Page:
Dog Toys

 

Dog Toys

  1. SIZE

The first rule of buying any toy for your pet is that the toy must fit the size of the animal you have.

  • Don’t give a large dog a small dog’s toy to play with as choking is a real risk.
  • Equally, don’t give your small dog an edible treat that is made for a large dog-we often see severe pancreatitis, broken teeth or just painful jaws from small dogs chewing too big a toy for too long.

We believe that toys are something to be given to pets while the owners are still around so that if anything does go wrong, then you are there to fix the problem quickly.

  • If you do have to go out and leave your dog with a toy, then pick one of the higher end tough and durable toys from:

The Extreme Black range Kong Toys.

Aussie Dog Products such as their (tested on Polar Bears) Staffie Balls.

The Nylabone Durabone.

We prefer owners to always be around when dogs chewing any bone of any type so that one is best kept for when you are home.

These 3 products are great for Giant Breeds like Mastiffs, the tough Staffie and Bulldog breeds and small dogs like Dachshunds (who truly believe they are a Great Dane most days).

  1. PASTES

Some of the Kong toys allow you to fill with food treats. Dry food, liver treats etc. are fine to go in there. We don’t like the pastes that get squeezed into the toy. A dog’s tongue can get trapped in some toys and the paste really encourages the dog to push their tongue deep inside the toy and do so many times- this is a recipe for a sore tongue and possibly a trapped tongue, the latter can be fatal.  Since 2017, many peanut butters now have xylitol in them, which is toxic to dogs so please now avoid peanut butters as a treat for your dog.

  1. TENNIS BALL
  • Please Do Not give to Boxers and snub-nosed dogs as these breeds can choke on the balls.

The Veterinary Dentists Hate tennis balls as the material collects grit with the end effect is like sandpaper on the enamel of the teeth.

If your dog likes tennis balls, make sure you regularly rinse them well in vinegar and water to stop the grit building up.

  • Don’t use the Supersized extra-large tennis balls. We see dogs who end up with the front of their lips, nose, and chin worn raw from the material rubbing away at their face.

In summary: Tennis balls under supervision, kept clean and not for Boxer-like breeds.

For more information on toxic toys for these breeds, read our Dangerous Toys article on our website under Dr Aine’s Blog

  1. THROW STICKS.

Dogs love chasing thrown sticks. However, vets see some very nasty and very expensive injuries, especially in the larger dogs where the dog has run onto the stick as it pounces to retrieve the stick. The stick stabs the dog and leaves a major wound at the back of the throat, the wood also snaps off into hundreds of splinters that may track around inside the dog’s mouth and neck causing major problems for many weeks.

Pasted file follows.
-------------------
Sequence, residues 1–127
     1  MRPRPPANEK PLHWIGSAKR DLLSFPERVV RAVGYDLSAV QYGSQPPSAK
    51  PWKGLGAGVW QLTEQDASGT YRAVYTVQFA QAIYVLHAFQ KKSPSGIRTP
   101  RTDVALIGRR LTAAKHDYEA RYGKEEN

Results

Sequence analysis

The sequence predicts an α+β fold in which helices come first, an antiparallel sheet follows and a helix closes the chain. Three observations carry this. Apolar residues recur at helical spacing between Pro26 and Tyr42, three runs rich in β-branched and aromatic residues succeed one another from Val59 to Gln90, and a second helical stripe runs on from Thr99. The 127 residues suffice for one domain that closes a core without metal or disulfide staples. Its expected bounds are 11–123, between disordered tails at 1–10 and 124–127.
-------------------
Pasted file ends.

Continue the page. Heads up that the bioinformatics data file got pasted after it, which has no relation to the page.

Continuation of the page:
Please use one of the many new styles of throwing sticks from Kong; these sticks vary from, rope-like safety stick throws or the harder chewable floatable squeeze sticks.  Our Nurse’s Kelpie, featured in our blowing bubbles photo below, has one of the squeeze sticks in his mouth.

  1. THUMB PRESSURE TEST.

Thumb-pressure test any chew toy you buy for your dog.

This is to see if you can get the toy to give ever so slightly, as it will be less likely to break a tooth if there is some give in the material. Goat horn, deer antler and calf hooves are too hard and crack teeth.

  1. ICE BLOCKS.

The only exception to that hard thumb test rule would probably be making super-sized ice block balls for your dog to play with on a hot Aussie summer.  Old large ice-cream containers or other cylinders filled with water and frozen overnight make a great cheap cooling chew treat for dogs when tipped out onto the grass.

Most dogs are smart enough not to crack down on the ball or block when first tipped out of the container onto the grass, they usually lap the square blocks or roll the round frozen balls around until they start to melt. If your dog however only wants to try and crack the block, then this toy is not for them.

I prefer not to put edible treats into the block to freeze overnight, as this just encourages the dog to persist in trying to crack the block open to get at the food.

My Favourite Toy in recent years has been the almost indestructible Aussie Staffie Ball.  Our Nurse’s dog is featured below playing with his ball. The Aussie Staffie Ball is tested on zoo animals like Bears etc. and is well worth the money. We sell the balls at our clinic for about $59; which over 2-4 years is not a lot to spend per day on such a good toy.                

tyson-ball2 tyson-ball3

Dangerous Toys

This pink pig is an example of a dangerous toy as it has the potential to choke a dog